This time of year we have colorful clouds at dusk nearly every night. This is a shot from a few days ago in my neighborhood. Normally for a shot like this I would use a tripod but because I ran out of my house it was hand held as I stood at the base of the street in awe. Getting this to shot to turn out pushes the Sony sensor to the edge of its limits in terms of recovering shadows and details. If you zoom in you can pick out a lot of noise and flaws, but the point is I was able to get an amazing scene in unfavorable conditions and on a moments notice. I wish I had used a tripod, but in the end the Sony sensor compensated very well.
Where I live there seems to be some kind of atmospheric border. At around sunset each day the east boils with violent ominous clouds and the west is lit with broken clouds in a cascade of colors. I will see completely different weather depending on which window I look out of. It seems like the border between these two conditions is right over street. As soon as the sun sets the clouds settle down and any local storms subside. The tropical climate here can be truly different from one block to the next.
By the next morning the sky is blue without a hint of any drama or clouds. But as soon as the sun heats up the clouds re-appear as though out of thin air. They get thicker and more dramatic throughout the day until we get afternoon thunderstorms, which then dissipate at around sunset. It’s a predictable pattern that repeats each day. Only when we get tropical depressions from the Atlantic or the Gulf does this change. Then it’s anyone’s guess as to what will happen.
This random shot was taken while walking the beach one afternoon. Isn’t it interesting how we flock to the land’s border with the sea and stare out? Maybe that is a metaphor for crossing from one element into another. Although we don’t think of it that way when we come here to relax.
I will hang around the piers because they are magnets for all kinds of compositions. Generally they form a leading line, but in cases like this they form a border; in other cases they bisect the image. People do all manner of things on piers. They fish, they stand or sit and look out, they have picnics and they take pictures. Large seabirds use the piers to as a platform for fishing or stealing from fishermen.
A pier extends the land and allows us to walk over a domain that is not our native habitat. Think of the effort in construction required just to do that small feat. To build this pier took nearly a year of effort and untold costs just to make it strong enough to withstand a different element. Piers are extensions of land and we expend huge efforts in making them.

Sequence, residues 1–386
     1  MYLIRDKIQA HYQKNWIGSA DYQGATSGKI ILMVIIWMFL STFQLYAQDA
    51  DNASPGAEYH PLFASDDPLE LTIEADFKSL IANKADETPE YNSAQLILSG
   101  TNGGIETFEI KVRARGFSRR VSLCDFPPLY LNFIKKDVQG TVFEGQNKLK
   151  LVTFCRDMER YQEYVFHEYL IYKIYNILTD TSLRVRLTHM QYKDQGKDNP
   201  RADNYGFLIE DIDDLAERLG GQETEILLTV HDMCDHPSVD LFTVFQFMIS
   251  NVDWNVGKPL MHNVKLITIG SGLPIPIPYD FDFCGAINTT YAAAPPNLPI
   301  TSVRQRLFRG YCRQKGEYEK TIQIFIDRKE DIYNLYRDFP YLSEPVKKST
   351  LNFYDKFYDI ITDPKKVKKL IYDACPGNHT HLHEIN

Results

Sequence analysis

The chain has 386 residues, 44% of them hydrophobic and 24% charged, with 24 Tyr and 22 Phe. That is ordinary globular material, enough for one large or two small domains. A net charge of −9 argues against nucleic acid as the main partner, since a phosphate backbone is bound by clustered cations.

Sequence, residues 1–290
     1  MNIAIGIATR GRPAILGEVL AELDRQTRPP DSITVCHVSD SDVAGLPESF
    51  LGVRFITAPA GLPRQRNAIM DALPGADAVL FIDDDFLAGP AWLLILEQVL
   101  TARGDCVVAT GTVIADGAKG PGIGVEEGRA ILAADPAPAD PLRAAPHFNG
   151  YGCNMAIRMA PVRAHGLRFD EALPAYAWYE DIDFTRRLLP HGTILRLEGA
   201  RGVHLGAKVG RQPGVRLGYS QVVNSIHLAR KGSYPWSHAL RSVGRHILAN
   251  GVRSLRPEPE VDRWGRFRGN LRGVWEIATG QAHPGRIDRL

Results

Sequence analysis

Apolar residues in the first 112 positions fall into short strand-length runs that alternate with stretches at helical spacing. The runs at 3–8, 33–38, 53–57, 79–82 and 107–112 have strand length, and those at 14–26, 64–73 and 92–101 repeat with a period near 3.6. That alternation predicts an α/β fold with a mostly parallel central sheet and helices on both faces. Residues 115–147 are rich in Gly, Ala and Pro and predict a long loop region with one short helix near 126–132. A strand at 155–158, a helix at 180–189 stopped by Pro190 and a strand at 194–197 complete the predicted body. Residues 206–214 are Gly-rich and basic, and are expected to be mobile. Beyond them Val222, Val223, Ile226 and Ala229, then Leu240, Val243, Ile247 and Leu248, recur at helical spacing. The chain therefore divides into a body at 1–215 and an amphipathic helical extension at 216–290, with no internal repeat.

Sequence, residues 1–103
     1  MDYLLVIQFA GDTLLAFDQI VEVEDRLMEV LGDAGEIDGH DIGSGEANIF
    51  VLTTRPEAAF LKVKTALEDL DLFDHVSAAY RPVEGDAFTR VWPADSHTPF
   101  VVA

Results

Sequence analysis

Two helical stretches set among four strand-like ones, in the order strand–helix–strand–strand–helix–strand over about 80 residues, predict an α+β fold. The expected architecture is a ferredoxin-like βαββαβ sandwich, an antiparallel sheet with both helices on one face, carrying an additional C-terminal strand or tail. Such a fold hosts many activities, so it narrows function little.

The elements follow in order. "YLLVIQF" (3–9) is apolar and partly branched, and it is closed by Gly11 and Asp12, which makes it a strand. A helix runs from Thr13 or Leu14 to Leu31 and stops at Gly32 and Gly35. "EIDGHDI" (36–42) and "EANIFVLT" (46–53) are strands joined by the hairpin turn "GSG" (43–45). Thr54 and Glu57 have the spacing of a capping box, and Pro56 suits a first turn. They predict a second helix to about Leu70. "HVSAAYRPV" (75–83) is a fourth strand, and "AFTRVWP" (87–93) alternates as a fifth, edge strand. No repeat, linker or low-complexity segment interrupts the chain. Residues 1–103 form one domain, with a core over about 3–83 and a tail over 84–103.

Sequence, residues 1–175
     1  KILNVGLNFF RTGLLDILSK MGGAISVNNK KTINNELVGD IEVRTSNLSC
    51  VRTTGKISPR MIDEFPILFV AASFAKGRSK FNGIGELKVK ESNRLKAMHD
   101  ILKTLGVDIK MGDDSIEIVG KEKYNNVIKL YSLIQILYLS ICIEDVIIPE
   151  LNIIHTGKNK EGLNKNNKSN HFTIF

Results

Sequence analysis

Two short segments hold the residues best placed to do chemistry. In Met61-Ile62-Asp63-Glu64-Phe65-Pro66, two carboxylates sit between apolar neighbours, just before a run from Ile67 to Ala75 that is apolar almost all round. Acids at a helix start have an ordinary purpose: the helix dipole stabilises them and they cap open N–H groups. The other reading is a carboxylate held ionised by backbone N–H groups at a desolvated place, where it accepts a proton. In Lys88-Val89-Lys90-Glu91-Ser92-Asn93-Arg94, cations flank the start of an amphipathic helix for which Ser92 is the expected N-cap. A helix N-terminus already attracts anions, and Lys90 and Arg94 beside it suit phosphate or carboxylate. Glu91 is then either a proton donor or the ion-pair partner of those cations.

Another type of extension is a bridge; it projects one element (earth) over another (water). But also I am reminded of grand viewing platforms like the one at the Grand Canyon that is also like a pier but into the air element rather than water. Then there are canals that project the water element over the land. Whenever we decide to project one element into another, the effort is huge. Isn’t it interesting that traversing across natural elements requires so much effort?
So perhaps when we come to the ocean and look out, at some level it captures our imagination. I think it is slightly ironic that we are use our minds to project ourselves much more easily into that foreign element than can ever be done with mere brick and mortar.
This is Bridal Veil Falls near Salt Lake City. To get here it’s just a short drive from the city into the bordering mountains. In a previous post I mentioned that it’s a routine for us to go for a drive on Sunday. As we were in Utah we decided to take the Alpine Loop, which is a scenic drive that winds through the mountains. The road traverses mountains with switchbacks that are open only during the warmer months. There are spectacular views all over and we found ourselves stopping nearly every mile to see one sight after another.
I’m related to some of the original settlers of the area and I couldn’t help but think that they had a much harder time of it. For us it was a Sunday drive through the mountain passes on a paved road; for the settlers in covered wagons it was another thing entirely. It’s little wonder they decided to stop after making it through the mountains; I would have done the same. I have no idea which route the settlers took, but back then there were no highways so it was no Sunday drive.
To get a sense of scale of this waterfall you can see a couple of people at the very bottom of the image. The falls are over six hundred feet high and were once serviced by a gondola and a restaurant at the top. That’s gone now but the falls remain and you can take a short hike to the base or just look from a parking lot next to the highway.
Anyway, the Alpine Loop is a spectacular drive and the parks within it are open to hiking, camping and fishing. And not too far from this spot is where the Sundance Film Festival takes place each year. All in all the Alpine Loop is a must see if you’re in the area.